“Lying there I catch a glimpse, high up, straight before my eyes, of a greyish square in the wall, a suggestion of white, a presage–it must be of daylight. I felt it must be daylight, felt it through every pore in my body. Oh, did I not draw a breath of delighted relief! I flung myself flat on the floor and cried for very joy over this blessed glimpse of light, sobbed for very gratitude, blew a kiss to the window, and conducted myself like a maniac. And at this moment I was perfectly conscious of what I was doing. All my dejection had vanished; all despair and pain had ceased, and I had at this moment, at least as far as my thought reached, not a wish unfilled. I sat up on the floor, folded my hands, and waited patiently for the dawn.” Knut Hamsun, Hunger
Amentia sub rosa — or, some manner of delirious subterranean confessional guidance hands us over wearily to this dungeon of grime-worship and penance, self-mortification and execution. Guillotines in place of altars, thousand-toothed Eldritch horrors hidden in plain sight, screaming heads frozen in terror within formaldehyde and four men in burlap hoods with nooses worn like necklaces. An extraction of the perpetual darkness we cultivate via thoughtless existence, the neck-clawing horror-tuned spasm of Brisbane, Australia-borne avant-garde atmospheric death metal quartet Portal is arisen in relative silence as ‘Avow‘ lands without even the slightest honk of fanfare preceding. It sways uneasy, reaping the light beyond expectations, and bludgeoning away the hungered intelligentsia within but, at no point is the impedance of ‘Ion’ expanded upon. Instead we see an alternate future wherein their most primitive and hateful sonic instincts arrive during a darkest hour and push fragile mankind into deeper, deepest existential chaos.
As we grasp ahold of Portal‘s sixth full-length album it is now more relevant than ever that we take stock of their long and important history as major inspiration for late 2000’s and early 2010’s death metal extremism via expressionistic guitar techniques, which line up squarely with various lineages of classic death metal yet have influenced modern black/death metal hybridization in equal measure as Deathspell Omega. That isn’t to say there has always been a parity of quality or profundity between the two acts but that the devotional art of each informs countless waves of worthwhile acts to date. The impetus for this project in 1994 was perhaps unclear in nature, either an experimental project by a duo of folks with classicist black/death taste or, one of many fonts of collaborative ideas that’d eventually become a primary point of borderless activity, hidden identities, and elaborate stage presence. By most accounts Portal had taken a backseat to Invocation in the late 90’s, whom we see as a brilliant technical death metal act on a split with StarGazer in 2000 (‘Harbringer/H.A.S.T.U.R‘), some of those ideas and techniques offered in those 1999 recordings had been explored within the first Portal demo (‘Portal‘, 1998) which we can still see as not only the seed of what the band is today but also erases any notion of “progressivity” within their work. The only major difference today is that the Morbid Angel influences are slightly less obvious due to clever sound design and far, far more inventive tempo maps. The signature combination of The Curator‘s asphalt vocals and singular guitar work of Horror Illogium appear to aesthetically revert to this nascent state (or nearby) as we examine the unobstructed, unsophisticated and occasionally slowed approach of ‘Avow’.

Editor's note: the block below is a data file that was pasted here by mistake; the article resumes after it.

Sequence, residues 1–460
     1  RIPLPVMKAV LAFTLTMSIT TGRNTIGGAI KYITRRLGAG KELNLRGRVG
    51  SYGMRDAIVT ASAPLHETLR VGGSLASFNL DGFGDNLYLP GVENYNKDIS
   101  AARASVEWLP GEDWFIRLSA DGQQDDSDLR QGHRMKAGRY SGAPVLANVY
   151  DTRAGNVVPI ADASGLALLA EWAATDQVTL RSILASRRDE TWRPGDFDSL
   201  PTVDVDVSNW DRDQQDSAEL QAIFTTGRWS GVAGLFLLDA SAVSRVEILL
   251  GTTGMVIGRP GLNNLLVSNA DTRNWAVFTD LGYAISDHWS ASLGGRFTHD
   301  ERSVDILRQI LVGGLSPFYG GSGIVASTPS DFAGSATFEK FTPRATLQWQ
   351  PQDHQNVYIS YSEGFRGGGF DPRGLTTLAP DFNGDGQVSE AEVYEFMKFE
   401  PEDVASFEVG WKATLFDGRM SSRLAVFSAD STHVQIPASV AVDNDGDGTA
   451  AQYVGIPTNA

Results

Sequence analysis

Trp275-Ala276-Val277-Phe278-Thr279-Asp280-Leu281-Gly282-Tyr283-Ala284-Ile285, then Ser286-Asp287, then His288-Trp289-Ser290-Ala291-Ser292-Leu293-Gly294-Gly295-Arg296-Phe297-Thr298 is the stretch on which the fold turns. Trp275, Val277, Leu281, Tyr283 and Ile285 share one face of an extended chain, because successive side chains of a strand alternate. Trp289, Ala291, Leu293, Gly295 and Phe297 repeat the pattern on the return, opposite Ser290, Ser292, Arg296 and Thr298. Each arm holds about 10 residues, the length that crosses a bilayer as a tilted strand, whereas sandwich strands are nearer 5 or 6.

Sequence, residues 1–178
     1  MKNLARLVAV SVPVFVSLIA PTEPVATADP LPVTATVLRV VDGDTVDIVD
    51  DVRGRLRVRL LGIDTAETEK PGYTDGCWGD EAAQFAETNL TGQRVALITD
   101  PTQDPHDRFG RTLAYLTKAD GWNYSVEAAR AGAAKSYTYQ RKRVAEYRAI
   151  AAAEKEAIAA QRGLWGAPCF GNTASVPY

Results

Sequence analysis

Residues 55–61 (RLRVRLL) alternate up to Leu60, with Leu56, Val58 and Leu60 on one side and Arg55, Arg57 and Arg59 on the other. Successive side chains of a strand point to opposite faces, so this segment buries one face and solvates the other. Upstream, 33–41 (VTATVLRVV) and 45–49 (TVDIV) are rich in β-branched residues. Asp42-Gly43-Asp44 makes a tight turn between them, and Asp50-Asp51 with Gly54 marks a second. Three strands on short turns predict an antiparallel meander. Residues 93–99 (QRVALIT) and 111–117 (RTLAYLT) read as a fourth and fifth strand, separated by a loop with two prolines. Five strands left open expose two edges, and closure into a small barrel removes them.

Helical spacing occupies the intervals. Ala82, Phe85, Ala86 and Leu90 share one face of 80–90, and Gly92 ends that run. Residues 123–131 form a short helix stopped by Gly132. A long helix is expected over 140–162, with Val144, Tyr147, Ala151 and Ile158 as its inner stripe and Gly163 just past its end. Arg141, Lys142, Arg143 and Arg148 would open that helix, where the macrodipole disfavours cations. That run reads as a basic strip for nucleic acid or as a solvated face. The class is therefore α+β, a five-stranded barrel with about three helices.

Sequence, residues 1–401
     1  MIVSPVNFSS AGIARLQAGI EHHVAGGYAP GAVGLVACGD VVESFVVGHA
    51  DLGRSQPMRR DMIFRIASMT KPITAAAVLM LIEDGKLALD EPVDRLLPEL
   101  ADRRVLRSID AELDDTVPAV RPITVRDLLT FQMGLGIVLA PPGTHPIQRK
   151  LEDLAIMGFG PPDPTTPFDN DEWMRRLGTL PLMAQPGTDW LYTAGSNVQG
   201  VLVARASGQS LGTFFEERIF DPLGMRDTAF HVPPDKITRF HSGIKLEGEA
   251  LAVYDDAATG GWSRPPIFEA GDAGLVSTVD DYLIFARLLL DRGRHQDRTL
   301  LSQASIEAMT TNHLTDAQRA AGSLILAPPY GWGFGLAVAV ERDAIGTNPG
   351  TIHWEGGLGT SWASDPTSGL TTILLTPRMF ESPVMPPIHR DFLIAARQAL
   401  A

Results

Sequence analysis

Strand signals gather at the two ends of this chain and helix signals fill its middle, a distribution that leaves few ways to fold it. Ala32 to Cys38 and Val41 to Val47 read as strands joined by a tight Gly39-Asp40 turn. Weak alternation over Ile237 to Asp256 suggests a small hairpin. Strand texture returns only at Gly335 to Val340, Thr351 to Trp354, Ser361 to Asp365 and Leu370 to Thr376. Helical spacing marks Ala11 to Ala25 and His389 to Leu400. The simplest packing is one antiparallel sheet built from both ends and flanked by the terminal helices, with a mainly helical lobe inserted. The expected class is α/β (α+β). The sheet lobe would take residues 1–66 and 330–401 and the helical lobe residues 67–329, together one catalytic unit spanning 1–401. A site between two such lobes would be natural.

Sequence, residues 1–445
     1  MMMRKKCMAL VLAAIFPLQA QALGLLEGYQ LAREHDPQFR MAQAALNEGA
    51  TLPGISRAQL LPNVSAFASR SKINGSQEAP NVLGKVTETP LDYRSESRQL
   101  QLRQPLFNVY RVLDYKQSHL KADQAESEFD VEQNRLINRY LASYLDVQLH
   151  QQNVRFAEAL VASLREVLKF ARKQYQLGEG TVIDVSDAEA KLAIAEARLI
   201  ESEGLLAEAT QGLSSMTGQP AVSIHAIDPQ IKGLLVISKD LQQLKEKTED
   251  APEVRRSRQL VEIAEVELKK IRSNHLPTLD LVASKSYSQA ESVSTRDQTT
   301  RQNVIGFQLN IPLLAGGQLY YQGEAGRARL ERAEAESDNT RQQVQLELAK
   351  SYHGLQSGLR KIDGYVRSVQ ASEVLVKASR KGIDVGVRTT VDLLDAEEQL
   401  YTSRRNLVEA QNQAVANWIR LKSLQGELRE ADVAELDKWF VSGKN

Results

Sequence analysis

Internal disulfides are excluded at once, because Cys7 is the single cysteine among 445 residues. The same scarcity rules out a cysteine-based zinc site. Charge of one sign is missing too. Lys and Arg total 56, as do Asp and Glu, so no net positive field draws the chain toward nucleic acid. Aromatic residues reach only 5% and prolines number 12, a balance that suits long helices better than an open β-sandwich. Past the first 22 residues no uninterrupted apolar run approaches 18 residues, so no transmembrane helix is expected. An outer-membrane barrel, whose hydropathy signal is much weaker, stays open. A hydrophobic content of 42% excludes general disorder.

So, fans of ‘The End Mills‘ (2002) and ‘Seepia‘ (2003) where the recording dynamic was still informed by hollowed classic death metal standards will instantly appreciate that this new album doesn’t push us back into the morass of ‘Swarth‘ (2009) and ‘Vexovoid‘ (2013), where I’d personally lost interest in their focus on iteration while still appreciating Portal‘s unique sound. My first impression of ‘Avow’ wasn’t that it was directly regressive but instead angled specifically off of the high visibility of ‘Ion‘ (2018) which was #7 amongst my best of 2018. The avant-garde minded artiste may or may not be reacting to the larger critical and commercial reception of ‘Ion’ because it’d stretched away from the “point” of death metal as darkness, a morbidity that reaches the brink of death and returns, instead leaning toward a higher budgeted and elaborate reveal that reads as their most obvious “riff” album (essentially a tech-death record) to date. Treble sparked, violent and classic death/thrash manic as it was, I don’t think ‘Ion: Part II’ would have been all that interesting. This sixth album doesn’t concern itself with performative technical expression or heavily layered complexities, but ‘Avow’ does persist with dynamic clarity beyond that of the somewhat obfuscated ‘Vexovoid’, dwelling longer within in descending progressions and the unlit corners of that style but, not shielded by reverb or studio murk.